The strangest pals in showbiz : When Sir David met Bjork...

Express, 20 juillet 2013

SIR David Attenborough explains how he and singer Bjork formed an unlikely friendship while filming a new documentary.

They have been described as "the strangest pals in showbiz". Sir David Attenborough and Bjork are indeed an unlikely pair. But they are also great friends who have long been admirers of each other’s work.

Now the legendary natural history film-maker and singer have teamed up to melodious effect to make Te Nature Of Music.

This one-off Channel 4 documentary shows how Sir David and Bjork collaborated on Biophilia, Bjork’s groundbreaking multi-media musical project.

For this pioneering venture, which has been four years in the making, the highly original Icelandic artist employs cutting-edge technology in a fascinating attempt to incorporate the sounds of nature into her music.

"Just as we use music to express parts of us that would otherwise be hidden, so too can we use technology to make visual much of nature’s invisible world," explains Sir David. "In Biophilia, you will experience how the three come together - nature, music and technology."

Bjork has commissioned an astonishing array of custom-built instruments, including a pendulum harp, a sharpsichord and a gameleste, in order to recreate the sounds of nature in her performance.

"A lot of my inspiration about how music and sound functions is very much built upon a time when I was a kid," the 47-year-old musician says.

"I would walk 40 minutes to school and back, in any weather. My little way of dealing with it was to sing. That’s when I was walking on my own in nature. The lines blur so easily between music and nature because they’re almost the same thing for me."

Sir David and Bjork clearly hit it of while working together. The natural history presenter even has a nickname for Bjork. "I called her ’honey’," he says. "She is really quite enchanting."

Louise Hooper, director of The Nature Of Music and whose father John also directed Sir David, observes that it is charming to watch the two interacting.

"There is an unexpected chemistry and fun between these two unique characters.

They are both icons of their own separate worlds of music and nature, and both excited and curious to explore how these two worlds come together. Seeing Bjork and Sir David laughing and engaging with each other on screen is simply magical," she says.

"It was fascinating to have the chance to bring Sir David and Bjork together for the first time on television. They were both great fun to work with ; Bjork fizzing with ideas for the film and Sir David bringing his passion and knowledge.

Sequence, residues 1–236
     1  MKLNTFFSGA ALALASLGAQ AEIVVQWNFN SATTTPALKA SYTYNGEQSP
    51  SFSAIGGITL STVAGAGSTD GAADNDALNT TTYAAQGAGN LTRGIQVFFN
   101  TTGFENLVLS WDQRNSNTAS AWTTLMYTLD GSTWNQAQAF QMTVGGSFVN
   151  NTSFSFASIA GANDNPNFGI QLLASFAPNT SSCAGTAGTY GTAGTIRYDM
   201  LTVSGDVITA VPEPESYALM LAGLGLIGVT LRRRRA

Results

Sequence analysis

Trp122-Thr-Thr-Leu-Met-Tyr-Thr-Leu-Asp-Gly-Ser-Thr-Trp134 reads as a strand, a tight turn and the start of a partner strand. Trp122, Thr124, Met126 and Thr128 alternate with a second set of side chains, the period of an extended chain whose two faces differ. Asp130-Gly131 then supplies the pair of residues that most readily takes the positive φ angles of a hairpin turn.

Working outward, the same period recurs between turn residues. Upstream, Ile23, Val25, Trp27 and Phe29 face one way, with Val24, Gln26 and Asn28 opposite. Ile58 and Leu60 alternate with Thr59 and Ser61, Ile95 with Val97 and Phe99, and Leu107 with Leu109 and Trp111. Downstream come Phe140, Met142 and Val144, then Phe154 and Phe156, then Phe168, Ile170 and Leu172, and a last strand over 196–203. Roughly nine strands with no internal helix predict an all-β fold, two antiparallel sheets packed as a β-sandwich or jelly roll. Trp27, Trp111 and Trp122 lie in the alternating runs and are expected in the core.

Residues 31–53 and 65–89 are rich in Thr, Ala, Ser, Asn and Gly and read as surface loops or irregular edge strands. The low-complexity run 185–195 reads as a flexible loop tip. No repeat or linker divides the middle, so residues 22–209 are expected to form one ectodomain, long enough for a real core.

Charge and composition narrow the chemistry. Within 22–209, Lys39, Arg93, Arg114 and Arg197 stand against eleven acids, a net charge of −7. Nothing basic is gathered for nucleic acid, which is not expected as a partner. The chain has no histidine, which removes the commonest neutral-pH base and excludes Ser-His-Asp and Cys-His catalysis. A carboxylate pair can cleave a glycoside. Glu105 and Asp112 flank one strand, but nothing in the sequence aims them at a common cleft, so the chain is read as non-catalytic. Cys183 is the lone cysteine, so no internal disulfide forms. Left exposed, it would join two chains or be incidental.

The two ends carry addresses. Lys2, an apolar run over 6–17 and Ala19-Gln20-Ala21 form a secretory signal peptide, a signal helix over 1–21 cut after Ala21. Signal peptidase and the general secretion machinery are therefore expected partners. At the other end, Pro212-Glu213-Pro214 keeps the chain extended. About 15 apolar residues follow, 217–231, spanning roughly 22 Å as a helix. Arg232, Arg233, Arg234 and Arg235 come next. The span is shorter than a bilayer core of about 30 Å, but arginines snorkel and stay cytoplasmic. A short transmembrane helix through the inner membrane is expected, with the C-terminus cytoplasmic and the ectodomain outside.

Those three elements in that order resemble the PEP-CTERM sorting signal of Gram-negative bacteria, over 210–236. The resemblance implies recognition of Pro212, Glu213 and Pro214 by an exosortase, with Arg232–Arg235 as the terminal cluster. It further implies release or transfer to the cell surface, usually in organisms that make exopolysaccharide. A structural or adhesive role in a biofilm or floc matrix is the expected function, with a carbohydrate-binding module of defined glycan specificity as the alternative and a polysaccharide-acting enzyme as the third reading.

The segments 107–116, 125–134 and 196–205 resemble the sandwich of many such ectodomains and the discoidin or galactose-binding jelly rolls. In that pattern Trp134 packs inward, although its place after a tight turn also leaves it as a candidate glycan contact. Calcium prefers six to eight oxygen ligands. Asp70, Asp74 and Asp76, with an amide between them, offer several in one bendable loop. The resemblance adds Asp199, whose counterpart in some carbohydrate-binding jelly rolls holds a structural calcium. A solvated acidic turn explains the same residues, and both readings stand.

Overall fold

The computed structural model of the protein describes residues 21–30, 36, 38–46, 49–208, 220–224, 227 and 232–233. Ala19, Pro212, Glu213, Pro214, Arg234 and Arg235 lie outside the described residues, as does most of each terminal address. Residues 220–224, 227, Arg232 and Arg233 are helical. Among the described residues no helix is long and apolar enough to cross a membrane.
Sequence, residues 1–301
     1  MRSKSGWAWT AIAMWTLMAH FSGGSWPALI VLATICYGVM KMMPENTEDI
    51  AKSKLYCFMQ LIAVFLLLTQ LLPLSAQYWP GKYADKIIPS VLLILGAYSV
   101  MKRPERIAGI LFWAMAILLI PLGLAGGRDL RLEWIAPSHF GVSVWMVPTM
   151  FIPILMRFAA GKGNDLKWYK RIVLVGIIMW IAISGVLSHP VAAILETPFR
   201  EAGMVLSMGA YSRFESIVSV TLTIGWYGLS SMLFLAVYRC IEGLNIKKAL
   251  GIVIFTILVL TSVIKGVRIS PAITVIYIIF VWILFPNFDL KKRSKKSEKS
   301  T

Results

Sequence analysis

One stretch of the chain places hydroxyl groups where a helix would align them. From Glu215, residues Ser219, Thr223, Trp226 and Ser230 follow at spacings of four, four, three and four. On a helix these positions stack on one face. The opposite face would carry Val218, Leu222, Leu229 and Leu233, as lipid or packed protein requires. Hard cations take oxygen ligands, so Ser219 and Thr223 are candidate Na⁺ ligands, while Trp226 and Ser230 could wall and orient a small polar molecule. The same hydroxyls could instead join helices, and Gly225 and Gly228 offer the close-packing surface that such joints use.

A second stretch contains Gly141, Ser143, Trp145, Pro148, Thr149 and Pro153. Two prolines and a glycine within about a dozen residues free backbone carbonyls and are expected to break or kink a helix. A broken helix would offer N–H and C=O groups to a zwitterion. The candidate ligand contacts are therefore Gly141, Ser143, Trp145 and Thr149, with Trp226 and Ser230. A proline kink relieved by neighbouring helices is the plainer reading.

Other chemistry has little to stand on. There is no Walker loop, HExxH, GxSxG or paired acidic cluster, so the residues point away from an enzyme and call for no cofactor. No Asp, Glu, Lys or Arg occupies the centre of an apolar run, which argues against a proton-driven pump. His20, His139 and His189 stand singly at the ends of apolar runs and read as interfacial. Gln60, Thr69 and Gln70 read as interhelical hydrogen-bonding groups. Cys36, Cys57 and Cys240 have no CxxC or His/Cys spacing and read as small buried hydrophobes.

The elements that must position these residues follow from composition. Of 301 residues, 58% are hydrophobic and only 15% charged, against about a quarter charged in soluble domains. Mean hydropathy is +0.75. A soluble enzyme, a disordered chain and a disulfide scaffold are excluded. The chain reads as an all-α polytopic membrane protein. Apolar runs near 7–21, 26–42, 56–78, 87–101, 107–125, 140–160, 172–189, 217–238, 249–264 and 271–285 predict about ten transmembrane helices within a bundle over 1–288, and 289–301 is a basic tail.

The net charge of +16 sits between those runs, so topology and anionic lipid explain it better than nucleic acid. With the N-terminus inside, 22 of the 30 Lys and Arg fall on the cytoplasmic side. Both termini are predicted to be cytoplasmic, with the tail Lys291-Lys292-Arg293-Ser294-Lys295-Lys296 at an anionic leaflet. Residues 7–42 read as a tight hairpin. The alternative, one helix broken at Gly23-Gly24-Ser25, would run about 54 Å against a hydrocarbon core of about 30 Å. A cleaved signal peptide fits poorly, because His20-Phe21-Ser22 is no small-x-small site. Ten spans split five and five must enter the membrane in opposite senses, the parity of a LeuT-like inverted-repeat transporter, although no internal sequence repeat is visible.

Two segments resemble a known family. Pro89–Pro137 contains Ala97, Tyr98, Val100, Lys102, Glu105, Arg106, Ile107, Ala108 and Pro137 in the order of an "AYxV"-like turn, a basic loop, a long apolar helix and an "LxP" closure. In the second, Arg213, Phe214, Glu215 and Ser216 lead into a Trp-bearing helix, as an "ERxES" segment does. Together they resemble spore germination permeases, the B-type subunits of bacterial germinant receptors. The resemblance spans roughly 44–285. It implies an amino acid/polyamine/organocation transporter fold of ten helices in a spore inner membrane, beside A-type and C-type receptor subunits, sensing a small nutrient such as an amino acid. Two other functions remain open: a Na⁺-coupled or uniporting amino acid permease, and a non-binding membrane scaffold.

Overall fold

"It was a wonderful opportunity for me, especially as I am following in my father, John Hooper’s, footsteps. During my childhood, he spent years travelling and filming Sir David in Papua New Guinea, the Amazon, Mali, and would return full of amazing stories."

Sir David, 87, who in the documentary examines the way in which animals from the lyrebird to the gibbon use music to send all sorts of different messages, says that he particularly values Bjork’s work.

"To be most rewarding, music actually does require work, does require concentration, does require thought. Which is why Bjork’s music is so challenging. So much of what she does is completely new and hasn’t been done before," he says.

The Nature Of Music demonstrates how man-made music has been influenced by music from the natural world. Louise says it makes complete sense that we draw our music from our surroundings.

"Humans are hard-wired to music, from hearing the heartbeat in the womb to the way our brain engages with rhythm. Most music is about 100 beats per minute as that is about the rate of our human heart," she says.

The documentary also underscores how music has the capacity to bring us together.

"Music unites one to other people. You sing together, you dance together, you drum together, at a pre-verbal, very elemental level," says neurologist Oliver Sacks, 80, who contributes on The Nature Of Music.

"Music has charms which nothing else has. It calls on so many brain functions and unifies them."

Sir David concludes that music is fundamental to our very being.

"It’s an essential part of what makes us human," he says. "It produces a very profound reaction in us all. It’s one of the strands that enables you to build relationships and live with yourself, too."

par James Rampton publié dans Express


  • David Attenborough